Dudley Square and the Ferdinand Building

Dudley Square and the Ferdinand Building

Dudley Square and the Ferdinand Building

Targeted municipal investment and a vibrant mix of old and new businesses breathe new life into a historic neighborhood center

Long before Dudley Square and the surrounding Roxbury neighborhood became known as Boston’s bustling “other downtown”, they were home to small farming settlements. As farmland gave way to spreading streetcar suburbs in the late 1800s, this area saw the development of housing, commercial corridors, and an elevated rail terminal. Dudley Square was the heart of it all, and is still the geographic heart (center point) of Boston. In the early twentieth century, the Square held a lively collection of retail stores, hotels, movie theaters, a bowling alley, and the Ferdinand Building—home of New England’s largest furniture retailer. The neighborhood was home to a diverse group of European immigrants and a vibrant African American community.

Then in the 1960s and 1970s Dudley Square, like many urban neighborhoods around the country, lost population and businesses to the suburbs. Its train station was removed in 1987, and the neighborhood fell into a challenging period of disinvestment.

In the last few decades, however, the Dudley Square community, Mayor Thomas M. Menino, and the BRA have worked together to solidify a new vision for the neighborhood. A major component of the effort includes using targeted public and private investments to anchor the Square, inspire confidence, and attract private investment. Revitalization efforts have included:

  • major public investments including the LEED Silver Certified District B-2 Police Station and the restoration of the historic Ferdinand Building, which will consolidate and house the Boston Public Schools Administration offices,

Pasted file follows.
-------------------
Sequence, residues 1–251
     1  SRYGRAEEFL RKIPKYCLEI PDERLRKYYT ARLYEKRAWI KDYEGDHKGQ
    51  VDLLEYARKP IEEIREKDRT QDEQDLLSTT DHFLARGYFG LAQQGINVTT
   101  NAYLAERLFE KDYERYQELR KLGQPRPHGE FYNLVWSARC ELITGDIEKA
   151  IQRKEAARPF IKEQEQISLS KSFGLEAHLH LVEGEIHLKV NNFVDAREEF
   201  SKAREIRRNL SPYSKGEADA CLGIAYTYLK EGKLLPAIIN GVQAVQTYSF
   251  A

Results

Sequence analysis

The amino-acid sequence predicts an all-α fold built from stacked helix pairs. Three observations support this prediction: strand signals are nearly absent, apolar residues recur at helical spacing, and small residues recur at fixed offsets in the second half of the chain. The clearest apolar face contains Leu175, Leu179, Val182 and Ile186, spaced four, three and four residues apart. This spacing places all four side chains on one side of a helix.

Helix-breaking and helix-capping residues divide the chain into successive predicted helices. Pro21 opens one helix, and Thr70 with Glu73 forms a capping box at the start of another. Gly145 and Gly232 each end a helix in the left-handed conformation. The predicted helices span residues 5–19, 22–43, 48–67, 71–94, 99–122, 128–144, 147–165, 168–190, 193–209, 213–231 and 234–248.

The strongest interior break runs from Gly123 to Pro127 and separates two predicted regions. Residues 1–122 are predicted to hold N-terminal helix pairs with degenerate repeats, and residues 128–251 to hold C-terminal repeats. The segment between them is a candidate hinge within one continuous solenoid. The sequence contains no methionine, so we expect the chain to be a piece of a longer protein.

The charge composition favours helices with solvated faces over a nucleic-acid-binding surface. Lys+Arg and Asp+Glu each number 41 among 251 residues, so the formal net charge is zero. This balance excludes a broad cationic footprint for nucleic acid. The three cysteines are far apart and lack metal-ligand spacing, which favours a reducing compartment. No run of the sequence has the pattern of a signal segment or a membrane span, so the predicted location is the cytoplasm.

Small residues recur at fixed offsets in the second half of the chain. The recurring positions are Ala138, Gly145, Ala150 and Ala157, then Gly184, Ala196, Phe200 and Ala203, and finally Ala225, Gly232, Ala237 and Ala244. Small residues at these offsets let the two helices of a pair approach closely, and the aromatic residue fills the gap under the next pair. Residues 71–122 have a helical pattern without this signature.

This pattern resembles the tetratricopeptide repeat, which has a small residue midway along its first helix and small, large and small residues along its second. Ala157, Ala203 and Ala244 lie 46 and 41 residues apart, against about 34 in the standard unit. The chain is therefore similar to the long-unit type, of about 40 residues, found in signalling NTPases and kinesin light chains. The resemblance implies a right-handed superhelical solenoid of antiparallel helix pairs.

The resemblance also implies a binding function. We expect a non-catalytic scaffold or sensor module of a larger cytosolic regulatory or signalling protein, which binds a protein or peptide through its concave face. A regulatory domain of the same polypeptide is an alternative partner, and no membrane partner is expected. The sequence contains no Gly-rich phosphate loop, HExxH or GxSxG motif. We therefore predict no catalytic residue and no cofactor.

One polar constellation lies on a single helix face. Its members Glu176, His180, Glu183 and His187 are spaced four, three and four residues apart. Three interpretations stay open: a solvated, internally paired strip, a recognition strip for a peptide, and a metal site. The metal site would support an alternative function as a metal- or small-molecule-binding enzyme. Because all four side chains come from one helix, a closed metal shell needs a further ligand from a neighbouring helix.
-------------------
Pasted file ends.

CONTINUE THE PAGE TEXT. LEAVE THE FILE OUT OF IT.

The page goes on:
• supporting existing and businesses through technical assistance, façade improvement funds, and programs like Dudley Square Main Streets,
  • renovation of the Dudley Branch Library plaza and entrance, and
  • street and sidewalk enhancements throughout the Dudley Square area.

As the City continues to invest in the area, private investors have followed. A 323-unit, mixed-use development is planned for a former MBTA bus yard outside of Dudley Square. A 145-key boutique hotel and 50 residential units are in the pipeline at Melnea Cass Boulevard.   Across Melnea Cass from the hotel will be a new incarnation of Tropical Foods Market, with over 40,000 square feet of new retail and office and 30 residential units.  Closer to Northeastern University at Parcel 3 are plans for a $320 million, mixed-use facility with over 400,000 square feet of retail, 200,000 square feet of office and 300 units of mixed-income residential.  Dudley Square’s revitalization is a dynamic and ongoing initiative, and we invite you to check back in frequently at Roxbury’s neighborhood page to see the latest projects and news.

Highlights and Achievements

  • 18,000 square feet of new retail space and 160,000 square feet of adaptable office space in the renovated Ferdinand Building.
  • 528 new customers for local businesses via Boston Public School Administration workers (and visitors to the facility).
  • Three opportunities for indoor and outdoor public art pieces, including one at Dudley Station Plaza, one in the main lobby of the Ferdinand Building, and one in the School committee room of the Ferdinand Building.
  • Street and sidewalk enhancements to improve bus operations, vehicle traffic, and pedestrian safety.
  • The addition of iconic and inspirational design to the area by engaging leading firms such as Sasaki and Mecanoo on municipal projects.

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